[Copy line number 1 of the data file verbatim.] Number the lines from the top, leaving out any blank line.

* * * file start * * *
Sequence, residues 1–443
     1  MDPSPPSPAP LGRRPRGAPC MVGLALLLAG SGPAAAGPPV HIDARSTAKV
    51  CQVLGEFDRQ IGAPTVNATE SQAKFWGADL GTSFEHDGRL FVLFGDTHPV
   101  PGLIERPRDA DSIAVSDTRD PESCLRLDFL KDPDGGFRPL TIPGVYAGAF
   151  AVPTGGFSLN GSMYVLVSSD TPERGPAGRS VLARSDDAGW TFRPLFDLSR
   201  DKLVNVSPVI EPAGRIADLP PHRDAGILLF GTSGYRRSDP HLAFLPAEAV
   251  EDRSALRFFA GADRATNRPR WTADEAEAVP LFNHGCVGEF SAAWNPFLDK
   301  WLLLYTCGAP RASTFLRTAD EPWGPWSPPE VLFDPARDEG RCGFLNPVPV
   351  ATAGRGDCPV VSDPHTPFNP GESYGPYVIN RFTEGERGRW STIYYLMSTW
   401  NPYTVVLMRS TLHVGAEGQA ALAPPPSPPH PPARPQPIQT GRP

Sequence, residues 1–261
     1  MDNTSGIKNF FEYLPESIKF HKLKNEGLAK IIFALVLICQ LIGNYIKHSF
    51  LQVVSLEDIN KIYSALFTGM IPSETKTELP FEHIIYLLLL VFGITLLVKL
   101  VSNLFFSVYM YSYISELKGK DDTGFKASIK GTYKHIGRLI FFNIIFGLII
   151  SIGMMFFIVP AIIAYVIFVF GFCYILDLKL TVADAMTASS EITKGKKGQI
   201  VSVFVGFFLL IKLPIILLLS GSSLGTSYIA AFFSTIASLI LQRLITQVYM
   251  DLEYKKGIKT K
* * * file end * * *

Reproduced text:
Sequence, residues 1–443